Nefrología.2017; 37(3): 229.     CrossRef
  • The importance of bisphenol A, an uraemic toxin from exogenous sources, in haemodialysis patients
    Sebastián Mas, Jesús Egido, Emilio González-Parra
    Nefrología (English Edition).2017; 37(3): 229.     CrossRef
  • Maternal Transfer of Bisphenol A During Nursing Causes Sperm Impairment in Male Offspring
    Ana Cristina Kalb, Ana Luiza Kalb, Tainã Figueiredo Cardoso, Cristina Gevehr Fernandes, Carine Dahl Corcini, Antonio Sergio Varela Junior, Pablo Elías Martínez
    Archives of Environmental Contamination and Toxicology.2016; 70(4): 793.     CrossRef
  • Occurrence of phthalate diesters (phthalates), p-hydroxybenzoic acid esters (parabens), bisphenol A diglycidyl ether (BADGE) and their derivatives in indoor dust from Vietnam: Implications for exposure
    Tri Manh Tran, Tu Binh Minh, Taha A. Kumosani, Kurunthachalam Kannan
    Chemosphere.2016; 144: 1553.     CrossRef
  • Novel Finding of Widespread Occurrence and Accumulation of Bisphenol A Diglycidyl Ethers (BADGEs) and Novolac Glycidyl Ethers (NOGEs) in Marine Mammals from the United States Coastal Waters
    Jingchuan Xue, Kurunthachalam Kannan
    Environmental Science & Technology.2016; 50(4): 1703.     CrossRef
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    Enrique Bosch-Panadero, Sebastian Mas, Didier Sanchez-Ospina, Vanesa Camarero, Maria V. Pérez-Gómez, Isabel Saez-Calero, Pedro Abaigar, Alberto Ortiz, Jesus Egido, Emilio González-Parra
    Journal of the American Society of Nephrology.2016; 27(5): 1566.     CrossRef
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    Ianina Hutler Wolkowicz, Gabriela V. Svartz, Carolina M. Aronzon, Christina Pérez Coll
    Environmental Toxicology and Chemistry.2016; 35(12): 3031.     CrossRef
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    Lei Wang, Jingchuan Xue, Kurunthachalam Kannan
    Environmental Science & Technology.2015; 49(5): 3150.     CrossRef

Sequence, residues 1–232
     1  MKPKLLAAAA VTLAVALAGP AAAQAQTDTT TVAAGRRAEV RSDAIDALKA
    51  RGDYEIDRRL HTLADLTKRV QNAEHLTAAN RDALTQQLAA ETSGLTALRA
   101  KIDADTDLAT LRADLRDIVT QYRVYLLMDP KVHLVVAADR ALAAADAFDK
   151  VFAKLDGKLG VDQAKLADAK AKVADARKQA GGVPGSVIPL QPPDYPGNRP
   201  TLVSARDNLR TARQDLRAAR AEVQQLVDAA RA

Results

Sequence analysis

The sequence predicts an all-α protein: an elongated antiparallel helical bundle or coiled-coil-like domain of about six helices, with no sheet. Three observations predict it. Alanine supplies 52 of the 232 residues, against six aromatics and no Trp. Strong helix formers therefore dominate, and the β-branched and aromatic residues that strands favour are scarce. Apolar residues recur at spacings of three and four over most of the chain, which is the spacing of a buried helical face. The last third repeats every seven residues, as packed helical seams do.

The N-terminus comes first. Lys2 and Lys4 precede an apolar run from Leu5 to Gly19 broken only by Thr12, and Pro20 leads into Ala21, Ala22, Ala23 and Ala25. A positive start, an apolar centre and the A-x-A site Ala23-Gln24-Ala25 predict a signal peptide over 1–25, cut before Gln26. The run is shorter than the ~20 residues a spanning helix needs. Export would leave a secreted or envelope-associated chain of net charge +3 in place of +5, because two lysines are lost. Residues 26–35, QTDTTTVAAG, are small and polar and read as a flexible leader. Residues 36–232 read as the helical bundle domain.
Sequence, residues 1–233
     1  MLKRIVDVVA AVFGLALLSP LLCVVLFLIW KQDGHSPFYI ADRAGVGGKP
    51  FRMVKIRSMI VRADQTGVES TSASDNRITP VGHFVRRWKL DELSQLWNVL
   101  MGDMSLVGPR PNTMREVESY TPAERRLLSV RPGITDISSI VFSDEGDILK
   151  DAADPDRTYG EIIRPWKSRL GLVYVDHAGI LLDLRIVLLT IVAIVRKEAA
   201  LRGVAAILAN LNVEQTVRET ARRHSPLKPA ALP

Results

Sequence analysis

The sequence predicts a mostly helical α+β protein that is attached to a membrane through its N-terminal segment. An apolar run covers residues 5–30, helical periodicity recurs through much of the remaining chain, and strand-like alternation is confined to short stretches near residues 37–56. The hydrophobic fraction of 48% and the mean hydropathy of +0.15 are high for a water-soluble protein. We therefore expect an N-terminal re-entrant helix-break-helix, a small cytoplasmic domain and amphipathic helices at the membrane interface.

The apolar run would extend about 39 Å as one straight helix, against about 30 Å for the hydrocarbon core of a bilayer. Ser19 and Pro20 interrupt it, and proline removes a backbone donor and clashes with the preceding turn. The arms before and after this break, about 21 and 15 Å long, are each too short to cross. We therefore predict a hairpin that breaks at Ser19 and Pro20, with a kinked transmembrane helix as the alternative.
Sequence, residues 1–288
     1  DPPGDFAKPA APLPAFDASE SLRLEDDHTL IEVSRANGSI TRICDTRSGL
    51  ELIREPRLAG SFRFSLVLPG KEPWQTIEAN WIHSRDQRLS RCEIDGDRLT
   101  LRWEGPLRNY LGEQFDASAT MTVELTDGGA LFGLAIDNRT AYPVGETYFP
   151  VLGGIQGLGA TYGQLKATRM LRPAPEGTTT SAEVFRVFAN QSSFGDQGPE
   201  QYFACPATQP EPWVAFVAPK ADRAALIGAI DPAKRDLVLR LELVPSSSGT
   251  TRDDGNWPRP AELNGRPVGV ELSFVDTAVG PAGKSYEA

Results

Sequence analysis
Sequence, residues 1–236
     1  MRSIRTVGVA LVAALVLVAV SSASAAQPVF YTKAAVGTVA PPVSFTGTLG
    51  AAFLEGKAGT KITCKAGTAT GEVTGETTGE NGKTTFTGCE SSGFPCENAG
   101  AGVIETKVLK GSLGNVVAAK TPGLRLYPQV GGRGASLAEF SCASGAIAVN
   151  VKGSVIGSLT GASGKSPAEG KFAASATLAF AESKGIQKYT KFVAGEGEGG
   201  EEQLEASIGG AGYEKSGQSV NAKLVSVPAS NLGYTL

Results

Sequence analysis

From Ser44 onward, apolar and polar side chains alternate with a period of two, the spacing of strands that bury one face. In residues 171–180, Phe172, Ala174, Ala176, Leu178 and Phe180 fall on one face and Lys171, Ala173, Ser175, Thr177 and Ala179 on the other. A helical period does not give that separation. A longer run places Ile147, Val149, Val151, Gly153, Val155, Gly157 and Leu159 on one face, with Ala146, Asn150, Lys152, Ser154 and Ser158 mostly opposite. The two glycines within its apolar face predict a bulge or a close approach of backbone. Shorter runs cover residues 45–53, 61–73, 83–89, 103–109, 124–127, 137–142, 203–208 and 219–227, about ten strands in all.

• Distribution of serum bisphenol A diglycidyl ether and its metabolite in Korean adult men and its association with reproductive hormone levels
    Sang-il Kim, Yun-jung Yang, Yeon-pyo Hong, Soon-Chul Myung, Sae-Chul Kim
    Molecular & Cellular Toxicology.2015; 11(1): 71.     CrossRef
  • Widespread occurrence of bisphenol A diglycidyl ethers, p-hydroxybenzoic acid esters (parabens), benzophenone type-UV filters, triclosan, and triclocarban in human urine from Athens, Greece
    Alexandros G. Asimakopoulos, Nikolaos S. Thomaidis, Kurunthachalam Kannan
    Science of The Total Environment.2014; 470-471: 1243.     CrossRef
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    Emilio González-Parra, Jose Antonio Herrero, Usama Elewa, Ricardo J. Bosch, Alberto Ortiz Arduán, Jesus Egido
    International Journal of Nephrology.2013; 2013: 1.     CrossRef
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    Toxicology and Industrial Health.2013; 29(10): 875.     CrossRef
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    Joanna Gromadzka-Ostrowska, Katarzyna Dziendzikowska, Anna Lankoff, Małgorzata Dobrzyńska, Christine Instanes, Gunnar Brunborg, Aneta Gajowik, Joanna Radzikowska, Maria Wojewódzka, Marcin Kruszewski
    Toxicology Letters.2012; 214(3): 251.     CrossRef
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    Lei Wang, Yinghong Wu, Wei Zhang, Kurunthachalam Kannan
    Environmental Science & Technology.2012; 46(23): 12968.     CrossRef
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    Shireen A. Mazroa
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Determination of Appropriate Sampling Time for Job Stress Assessment: the Salivary Chromogranin A and Cortisol in Adult Females.
Ran Hi Hong, Yun Jung Yang, Sang Yon Kim, Won Young Lee, Yeon Pyo Hong
J Prev Med Public Health. 2009;42(4):231-236.
DOI: https://doi.org/10.3961/jpmph.2009.42.4.231
  • 5,561 View
  • 160 Download
  • 14 Crossref
AbstractAbstract PDF
OBJECTIVES